The most useful right-click context menu option is Maps at cursor. This opens another menu to the right with a list of maps available for this particular spot in the country. So if I right click on Starbotton for example you see this list of maps.

In this instance I have the

  • 1:25k Whole UK 2020 map
  • 1:50k Whole UK 2020
  • 1:250k Road Atlas 2020
  • OS Route Planner 2020
  • Europe Basemap

Clicking on any of these will load that particular map into the map pane.

Clicking the final Map List at Cursor menu option will open the Map List window.

The final right-click context menu is Merge Map, which allows you to stitch together two or more maps to create one larger map. This again, is probably redundant for new users.

This is quite useful if you’re trying to print a route that runs across multiple maps. It does end up producing slightly degraded maps in terms of image quality however and should be used carefully. I use this so rarely that it’s hardly worth spending any time on. The price drop in OS mapping has made full UK coverage much cheaper and attainable, so this is likely to become even less important as time goes on.

Moving Around

Now that we’ve got a map loaded into memory and we know how to change it, we need to start moving around the screen. One of the first menu options to play with is Mode > Continuous Scroll. This changes the way the map moves beneath your cursor. With this option activated; when you left click on the map, the map moves beneath your static mouse cursor as you move the mouse around on the desk. With this method, you can cover huge distances without unclicking your mouse. With the option de-activated; once clicked, the mouse cursor is locked in position above the map and the locked cursor and the map moves as you move the mouse. In order to move large distances, you need to unclick once your mouse cursor reaches the edge of the screen. Try both options and see which one works for you.

Mode > Position Format is something you’re going to want to change from the default (if memory serves). I’m an OS National Grid man myself, as I guess most walkers will be, but you can select Lat, Long if you prefer and this is useful sometimes.

You will also want to select Mode > Units > and select the appropriate unit type. If you’re a feet and inches person then Statute is for you. Distances will be shown in miles and height will be in feet. If you prefer the French system then select Metric as your choice and you get kilometres and metres.

Selecting OS National Grid
Selecting Imperial measurements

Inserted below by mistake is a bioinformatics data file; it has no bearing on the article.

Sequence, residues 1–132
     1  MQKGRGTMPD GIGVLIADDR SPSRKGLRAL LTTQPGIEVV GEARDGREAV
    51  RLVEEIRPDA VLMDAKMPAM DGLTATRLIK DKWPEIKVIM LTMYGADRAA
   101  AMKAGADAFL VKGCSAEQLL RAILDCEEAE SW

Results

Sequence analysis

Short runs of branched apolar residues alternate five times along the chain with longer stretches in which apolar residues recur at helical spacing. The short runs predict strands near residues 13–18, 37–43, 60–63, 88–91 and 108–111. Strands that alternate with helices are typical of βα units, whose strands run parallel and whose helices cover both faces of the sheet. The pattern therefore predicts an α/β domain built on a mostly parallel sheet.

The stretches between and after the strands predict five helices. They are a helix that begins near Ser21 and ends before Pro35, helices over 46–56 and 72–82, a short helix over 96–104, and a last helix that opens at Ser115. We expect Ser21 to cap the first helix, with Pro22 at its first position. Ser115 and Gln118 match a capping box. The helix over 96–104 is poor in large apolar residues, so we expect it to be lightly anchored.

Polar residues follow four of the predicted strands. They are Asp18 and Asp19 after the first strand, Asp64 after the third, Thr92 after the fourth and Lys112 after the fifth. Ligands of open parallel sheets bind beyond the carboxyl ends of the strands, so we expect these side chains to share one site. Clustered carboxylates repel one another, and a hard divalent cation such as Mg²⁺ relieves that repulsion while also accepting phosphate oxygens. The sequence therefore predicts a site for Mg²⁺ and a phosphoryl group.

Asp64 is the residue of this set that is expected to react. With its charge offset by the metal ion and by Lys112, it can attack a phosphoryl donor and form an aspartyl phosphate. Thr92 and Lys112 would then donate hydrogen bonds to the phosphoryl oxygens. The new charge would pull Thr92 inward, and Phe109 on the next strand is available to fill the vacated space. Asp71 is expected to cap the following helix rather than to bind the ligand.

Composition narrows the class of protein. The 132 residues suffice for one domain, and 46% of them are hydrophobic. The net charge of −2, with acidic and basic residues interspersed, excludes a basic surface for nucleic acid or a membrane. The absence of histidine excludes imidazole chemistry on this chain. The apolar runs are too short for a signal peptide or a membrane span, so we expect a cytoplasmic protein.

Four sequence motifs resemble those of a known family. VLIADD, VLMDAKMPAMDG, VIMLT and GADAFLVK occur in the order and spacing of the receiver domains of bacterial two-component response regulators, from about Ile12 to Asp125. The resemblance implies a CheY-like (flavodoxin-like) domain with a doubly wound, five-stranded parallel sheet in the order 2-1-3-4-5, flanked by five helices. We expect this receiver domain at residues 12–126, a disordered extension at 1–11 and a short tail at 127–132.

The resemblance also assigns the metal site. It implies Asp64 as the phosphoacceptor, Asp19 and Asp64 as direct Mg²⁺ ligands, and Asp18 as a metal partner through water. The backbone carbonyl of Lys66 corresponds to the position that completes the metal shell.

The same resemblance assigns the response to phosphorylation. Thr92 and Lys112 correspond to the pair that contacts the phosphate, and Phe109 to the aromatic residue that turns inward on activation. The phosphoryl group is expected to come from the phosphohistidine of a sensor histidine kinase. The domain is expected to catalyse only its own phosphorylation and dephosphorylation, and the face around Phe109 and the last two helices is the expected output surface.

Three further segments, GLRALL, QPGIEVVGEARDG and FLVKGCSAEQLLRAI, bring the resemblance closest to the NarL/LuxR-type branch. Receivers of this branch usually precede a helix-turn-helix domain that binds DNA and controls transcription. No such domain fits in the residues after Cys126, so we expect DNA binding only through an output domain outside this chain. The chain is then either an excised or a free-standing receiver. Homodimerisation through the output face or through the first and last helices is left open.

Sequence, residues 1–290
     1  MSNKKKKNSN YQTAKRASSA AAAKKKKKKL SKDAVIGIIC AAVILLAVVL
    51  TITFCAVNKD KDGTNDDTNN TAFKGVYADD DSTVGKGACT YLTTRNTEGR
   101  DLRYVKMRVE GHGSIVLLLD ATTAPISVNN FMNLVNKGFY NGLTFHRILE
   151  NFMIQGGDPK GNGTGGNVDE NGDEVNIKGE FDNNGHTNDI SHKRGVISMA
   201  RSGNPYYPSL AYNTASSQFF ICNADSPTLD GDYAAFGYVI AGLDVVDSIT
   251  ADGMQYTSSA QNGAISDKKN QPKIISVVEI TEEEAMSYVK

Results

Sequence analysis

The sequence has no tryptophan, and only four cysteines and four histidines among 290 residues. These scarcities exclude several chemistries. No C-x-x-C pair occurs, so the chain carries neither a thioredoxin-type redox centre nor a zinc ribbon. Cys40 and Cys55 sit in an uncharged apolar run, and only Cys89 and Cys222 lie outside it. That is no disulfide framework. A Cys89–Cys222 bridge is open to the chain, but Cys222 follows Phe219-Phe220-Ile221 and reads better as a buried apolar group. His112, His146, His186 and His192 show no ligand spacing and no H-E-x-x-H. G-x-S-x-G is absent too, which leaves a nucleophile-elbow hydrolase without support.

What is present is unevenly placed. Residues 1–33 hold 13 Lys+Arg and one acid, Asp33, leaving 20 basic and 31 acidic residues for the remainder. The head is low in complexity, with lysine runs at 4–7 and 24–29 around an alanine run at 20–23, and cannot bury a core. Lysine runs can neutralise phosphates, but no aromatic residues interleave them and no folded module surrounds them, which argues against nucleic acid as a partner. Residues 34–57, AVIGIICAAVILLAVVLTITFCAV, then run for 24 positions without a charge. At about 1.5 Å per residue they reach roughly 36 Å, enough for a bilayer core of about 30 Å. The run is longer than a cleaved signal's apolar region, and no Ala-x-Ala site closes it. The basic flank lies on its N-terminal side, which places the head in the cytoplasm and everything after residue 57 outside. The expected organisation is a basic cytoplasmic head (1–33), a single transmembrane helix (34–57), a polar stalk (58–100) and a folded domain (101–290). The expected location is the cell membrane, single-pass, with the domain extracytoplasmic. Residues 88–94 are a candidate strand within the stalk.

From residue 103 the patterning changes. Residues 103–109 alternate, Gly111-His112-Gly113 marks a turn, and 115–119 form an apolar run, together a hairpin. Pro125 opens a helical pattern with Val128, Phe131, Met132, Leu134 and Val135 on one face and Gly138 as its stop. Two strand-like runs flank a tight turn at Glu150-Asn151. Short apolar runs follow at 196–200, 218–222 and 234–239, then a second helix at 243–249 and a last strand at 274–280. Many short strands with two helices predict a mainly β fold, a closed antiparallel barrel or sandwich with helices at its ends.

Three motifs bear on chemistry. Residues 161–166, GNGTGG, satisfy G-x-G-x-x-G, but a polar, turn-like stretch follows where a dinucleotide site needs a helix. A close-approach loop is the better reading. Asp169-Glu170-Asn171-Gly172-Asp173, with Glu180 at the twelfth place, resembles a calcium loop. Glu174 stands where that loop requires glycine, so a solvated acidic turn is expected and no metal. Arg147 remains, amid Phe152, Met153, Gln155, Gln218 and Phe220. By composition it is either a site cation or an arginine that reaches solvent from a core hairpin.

One of the easiest ways of moving quickly around a map is to use a combination of zoom out and zoom in. Zoom out and move the mouse cursor to the position you want to move to and then zoom in – this uses the intelligent zoom to its best advantage, and MM zooms to the mouse pointer, not to the screen centre like some programs.

If I want to move a long way across the country I tend to right click, choose Maps at Cursor and select a large scale map like the 1:1m Road Map and then zoom right out, point at the area I want to view and then zoom in. I then use Maps at Cursor again to select the more detailed map.

Related to this functionality (but probably not relevant to new users with a single, full UK map) is an option off the main menu, specifically Map > Show Map Outlines, this can be quite useful for identifying which maps you have and their boundaries. This puts a faint green line around all the maps you own, even if they aren’t in memory, so that when you’re viewing the UK from a huge scale map such as the 1:1m Road Map, you will be able to quickly spot your map sections.

Another way to jump quickly to a location is to search for it. Use the traditional Windows key combination CTRL+F and you will get a search dialog box on the screen. Type part of the place name you’re looking for and hit [Search] the results appear in the window below. If you double click one of the results the correct map will be opened and you will be transported to that location (provided you have the map). If you check the ‘Create mark at location‘ box, you will drop a flag on that location on the map too.

The short video below will show you how to use CTRL+F in the map window. The first step just finds the location you’re looking for, the second step drops a marker at that location as well.

 The next part of this guide can be found here: Part 3 – The Icon Ribbon